Tag: SYNERGEN Health

Automating Revenue Cycle Is Helping Providers Cut Down On Administrative Costs Amid a Potentially Looming Recession

Teri Gatchel-Schmidt

By Teri Gatchel-Schmidt, vice president, consulting and business development, SYNERGEN Health.

Almost a quarter of U.S. national health expenditures go toward administrative costs. In revenue cycle, rising costs continue to escalate which negatively impacts the bottom line. There is a silver lining in all of this; as a potential recession looms, these costs can be reduced with automation.

By simplifying daily routine tasks with automated tools like robotic process automation (RPA) and machine learning (ML), nationwide spend could be reduced from 25% of the national healthcare expenditure to 18%.

Automation: The key to improving efficiency

As it stands, manual revenue cycle processes burdens staff with repetitive, mundane tasks, causing staff burnout.  Additionally, the  reimbursement landscape evolves in complexity year after year. Staffing issues also continue to plague health systems, leaving chief financial officers playing defense, with high turnover rates causing a decrease in productivity and an increase in aged receivables.

When it comes down to it, organizations must either add more resources to support the manual way of working – which can prove to be costly and inefficient – or invest in automation. Simply put, revenue cycle is ripe for automation which results in reducing cost-to-collect and creating large-scale cost savings throughout the revenue cycle. When pairing automated technology with best practices to empower operational teams, revenue cycle leaders will streamline workflows to reduce manual work and increase efficiency, all while boosting revenue.

Denial Avoidance

Many providers are not fully aware of just how deeply denied claims can affect their bottom line. According to HFMA, providers lose nearly $5 million on average per year due to claim denials.

With ever-changing reimbursement and collection requirements, providers and their staff need tools  to analyze and prevent denials to reduce the workload required to avoid an increase in denials.Instead of assigning denial management and appeals to staff members, providers should look to automation as a champion for claims and denials management.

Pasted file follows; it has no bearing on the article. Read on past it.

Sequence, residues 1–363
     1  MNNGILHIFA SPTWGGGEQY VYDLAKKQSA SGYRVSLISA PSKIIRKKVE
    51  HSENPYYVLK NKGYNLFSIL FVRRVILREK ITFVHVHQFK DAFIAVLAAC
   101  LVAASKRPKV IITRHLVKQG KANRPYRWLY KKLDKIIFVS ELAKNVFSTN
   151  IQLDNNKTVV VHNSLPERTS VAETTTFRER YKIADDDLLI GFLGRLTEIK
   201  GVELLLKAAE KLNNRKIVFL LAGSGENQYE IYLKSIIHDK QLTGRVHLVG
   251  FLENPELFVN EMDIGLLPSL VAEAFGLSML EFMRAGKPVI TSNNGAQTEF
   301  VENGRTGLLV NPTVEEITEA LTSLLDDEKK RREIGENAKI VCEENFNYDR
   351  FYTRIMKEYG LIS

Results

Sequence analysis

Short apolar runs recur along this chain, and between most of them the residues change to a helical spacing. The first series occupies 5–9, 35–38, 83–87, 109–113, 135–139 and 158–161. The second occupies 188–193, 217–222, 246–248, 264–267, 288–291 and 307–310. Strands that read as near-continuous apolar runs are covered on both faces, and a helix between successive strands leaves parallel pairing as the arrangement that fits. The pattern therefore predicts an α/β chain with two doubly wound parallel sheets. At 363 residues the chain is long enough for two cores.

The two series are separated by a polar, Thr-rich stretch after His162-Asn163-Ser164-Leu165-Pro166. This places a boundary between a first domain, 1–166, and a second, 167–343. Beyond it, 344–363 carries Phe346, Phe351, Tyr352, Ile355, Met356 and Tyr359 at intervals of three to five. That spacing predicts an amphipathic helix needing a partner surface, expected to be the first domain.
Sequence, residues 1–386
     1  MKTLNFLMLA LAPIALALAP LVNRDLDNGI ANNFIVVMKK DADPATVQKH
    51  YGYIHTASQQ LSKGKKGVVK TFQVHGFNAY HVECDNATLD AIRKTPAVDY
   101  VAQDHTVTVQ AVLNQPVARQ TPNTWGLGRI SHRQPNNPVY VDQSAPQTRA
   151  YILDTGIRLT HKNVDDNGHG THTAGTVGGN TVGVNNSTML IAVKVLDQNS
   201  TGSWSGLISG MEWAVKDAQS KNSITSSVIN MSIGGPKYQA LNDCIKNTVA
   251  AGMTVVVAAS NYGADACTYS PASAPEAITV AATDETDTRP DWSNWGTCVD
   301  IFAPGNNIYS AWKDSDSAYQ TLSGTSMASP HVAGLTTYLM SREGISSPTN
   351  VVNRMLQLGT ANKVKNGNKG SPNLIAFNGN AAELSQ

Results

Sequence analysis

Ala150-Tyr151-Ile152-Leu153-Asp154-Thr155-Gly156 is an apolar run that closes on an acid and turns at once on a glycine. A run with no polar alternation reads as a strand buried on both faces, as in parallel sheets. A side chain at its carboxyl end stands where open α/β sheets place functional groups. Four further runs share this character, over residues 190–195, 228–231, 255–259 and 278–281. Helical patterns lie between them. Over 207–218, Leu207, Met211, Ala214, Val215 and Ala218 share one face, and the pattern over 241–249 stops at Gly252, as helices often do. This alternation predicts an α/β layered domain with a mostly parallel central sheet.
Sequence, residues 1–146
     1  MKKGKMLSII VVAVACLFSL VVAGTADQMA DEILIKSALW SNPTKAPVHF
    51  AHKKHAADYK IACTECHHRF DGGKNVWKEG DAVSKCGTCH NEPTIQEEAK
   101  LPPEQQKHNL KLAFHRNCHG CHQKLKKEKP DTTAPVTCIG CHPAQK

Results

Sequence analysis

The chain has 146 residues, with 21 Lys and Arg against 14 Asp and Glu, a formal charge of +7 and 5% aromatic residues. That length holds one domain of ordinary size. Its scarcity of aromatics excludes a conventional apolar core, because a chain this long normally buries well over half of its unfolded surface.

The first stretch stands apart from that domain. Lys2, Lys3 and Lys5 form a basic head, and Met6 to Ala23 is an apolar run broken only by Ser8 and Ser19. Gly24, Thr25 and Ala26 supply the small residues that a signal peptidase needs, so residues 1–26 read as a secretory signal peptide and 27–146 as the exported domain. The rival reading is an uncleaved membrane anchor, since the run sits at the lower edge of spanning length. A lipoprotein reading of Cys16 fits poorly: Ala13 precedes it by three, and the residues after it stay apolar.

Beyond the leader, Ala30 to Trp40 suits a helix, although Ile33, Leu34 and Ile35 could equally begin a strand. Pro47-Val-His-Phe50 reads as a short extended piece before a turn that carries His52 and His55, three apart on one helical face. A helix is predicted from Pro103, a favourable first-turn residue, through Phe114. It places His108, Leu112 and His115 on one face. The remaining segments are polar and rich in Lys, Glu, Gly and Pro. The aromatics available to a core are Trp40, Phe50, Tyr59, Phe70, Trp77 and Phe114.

Continue Reading

Putting A Price on Transparency: The Patient Payment Challenge for Payers and Providers

Mel Gunawardena

By Mel Gunawardena, managing partner, SYNERGEN Health.

The healthcare revenue cycle is an unnecessarily complex tangle of patients, providers, employers, and insurance companies. Patients and other parties are often frustrated with medical claim submission and reimbursement procedures, which can take months to resolve. This has forced a closer look at ways to increase the transparency of payment structures – offering the potential to address long-standing patient concerns while ensuring a more stable revenue source.

One of consumers’ chief concerns is the final cost of care. Over the last two years, many patients have lost their jobs and health insurance, leaving them highly cost-conscious. Patients require more cost predictability as they continue to navigate the financial impact of the pandemic. Insurance eligibility and payment estimation tools enable providers to generate reliable out-of-pocket costs at the time of scheduling. For cost-conscious consumers, this helps drive better-informed care decisions, provides options of payment plans or financing, and is an opportunity for providers to improve a critical patient experience.

Price transparency has been a long-standing concern for consumers, and recently the federal government and states have taken steps to address the problem. The Price Transparency Rule, established by the Centers for Medicare and Medicaid Services, took effect on January 1, 2019. Still, hospitals reluctant to comply with the rule now face the possibility of a hefty $2 million fine, and with the No Surprises Act set to take effect next year, it’s clear providers must embrace billing transparency, or the government will force them to accept a less-than-ideal option.

Continue Reading